Earlier this year Microsoft released Microsoft R Server. This is essentially a rebranding of Revolution R Enterprise—acquired through Microsoft’s acquisition of Revolution Analytics in April 2015.
However, the fact that Microsoft is backing the product makes a big difference to many potential corporate users. And with Microsoft embracing R across the company, more investment in Microsoft R Server is surely in the cards.
Microsoft describe it as, R for the enterprise. It’s basically a suite of services/products, comprising
As you’d expect from Microsoft the installation is fairly straightforward. You have to install Microsoft R Open before installing Microsoft R Server. Both are standard MSI installers (on Windows).
Running Revolution R Enterprise 8.x (64) launches the R Productivity Environment (RPE). This IDE is similar to the excellent RStudio. One major difference is that result panes (such as plots) are displayed in floating windows. R Tools for Visual Studio is under development, which may become the primary Microsoft IDE for R.
RPE can be used to run all the standard R commands/packages. One of the benefits of using Microsoft R Server (or Microsoft R Open) for doing basic R work is that Microsoft has replaced some of the core libraries with high performance ones. This means that R functions that utilize basic core calculations, such as matrix multiplication, will run faster on Microsoft R Open than in open source R.
The first thing to note about working with big data in Microsoft R Server is that you can’t just run your standard R scripts and expect them to be magically mapped to a cluster. ScaleR provides a set of R functions designed to operate on a cluster. Most of the common statistical and machine learning techniques have been implemented, and the available functions will be added to over time.
ScaleR (on Hadoop—probably the most common big data framework) includes:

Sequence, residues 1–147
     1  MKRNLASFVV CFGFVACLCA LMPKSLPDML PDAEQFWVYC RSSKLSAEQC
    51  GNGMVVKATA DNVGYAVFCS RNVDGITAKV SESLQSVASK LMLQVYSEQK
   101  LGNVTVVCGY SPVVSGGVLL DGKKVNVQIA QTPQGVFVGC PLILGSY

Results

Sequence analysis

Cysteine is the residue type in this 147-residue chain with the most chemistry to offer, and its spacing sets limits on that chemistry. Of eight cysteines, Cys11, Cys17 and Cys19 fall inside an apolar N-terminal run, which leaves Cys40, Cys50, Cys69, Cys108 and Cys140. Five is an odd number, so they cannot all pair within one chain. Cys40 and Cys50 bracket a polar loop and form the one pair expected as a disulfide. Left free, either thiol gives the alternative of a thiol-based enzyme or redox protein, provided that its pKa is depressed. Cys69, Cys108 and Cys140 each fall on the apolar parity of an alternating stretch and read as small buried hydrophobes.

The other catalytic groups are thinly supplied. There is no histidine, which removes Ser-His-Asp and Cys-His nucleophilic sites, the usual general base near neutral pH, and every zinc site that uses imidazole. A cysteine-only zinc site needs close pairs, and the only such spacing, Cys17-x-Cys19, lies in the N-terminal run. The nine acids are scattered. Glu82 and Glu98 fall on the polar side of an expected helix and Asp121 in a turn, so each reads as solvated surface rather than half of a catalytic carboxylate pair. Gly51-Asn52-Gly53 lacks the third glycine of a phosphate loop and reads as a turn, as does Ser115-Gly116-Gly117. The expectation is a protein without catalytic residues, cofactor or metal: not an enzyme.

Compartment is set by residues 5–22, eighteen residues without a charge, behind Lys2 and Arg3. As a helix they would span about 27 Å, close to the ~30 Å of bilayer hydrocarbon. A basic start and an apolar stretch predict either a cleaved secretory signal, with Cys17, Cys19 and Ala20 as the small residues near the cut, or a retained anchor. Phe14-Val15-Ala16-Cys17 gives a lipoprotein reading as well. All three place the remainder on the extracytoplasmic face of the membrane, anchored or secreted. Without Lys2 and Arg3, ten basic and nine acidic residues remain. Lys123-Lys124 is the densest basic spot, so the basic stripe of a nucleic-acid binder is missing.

rxSummary—basic summary statistics
rxLinMod—fits a linear model
rxLogit—fits a logistic regression model
rxGlm—fits a generalized linear model
rxKmeans—performs k-means clustering
rxDtree—fits a classification or regression tree (using an algorithm developed by Ben-Haim and Yom-Tov)
rxDForest—fits a classification or regression decision forest
rxBTrees—fits a classification or regression decision forest using a
rxPredict—calculates predictions for any fitted model
These functions are designed specifically to work with (in this case) Hadoop clusters. Using them is as simple as calling an R function.
There are also general data manipulation functions and functions for controlling jobs Hadoop jobs and interacting with the HDFS file system.
Analyses using Microsoft R Server and Hadoop generally proceed as follows:
All the steps are covered in the RevoScaleR Hadoop Getting Started Guide). In this article we’ll briefly cover creating a data source and analysing the data.
Start with an HDFS object
hdfs <- RxHdfsFileSystem()
Then create the data source
dataSource <- RxTextData(file="/data/sales", missingValueString="?", fileSystem=hdfs)
To summarize the sales and profit figures use
salesProfitLinearModel <- rxLinMod(sales~profit, data=dataSource)
Get the data you want to make predictions for
predictionDataSource <- RxTextData(file="/data/newSales", missingValueString="?", fileSystem=hdfs)
Predict the profit levels using the linear model and the new sales data
As you can see from this brief introduction, if you’re comfortable using R, Microsoft R Server gives you a direct route to big data analytics. If you’ve been doing statistical analysis and machine learning in R at the workstation level, the functions in ScaleR shouldn’t contain any surprises.
If you’re interested in big data analytics or R you may wish to consider the following Learning Tree courses: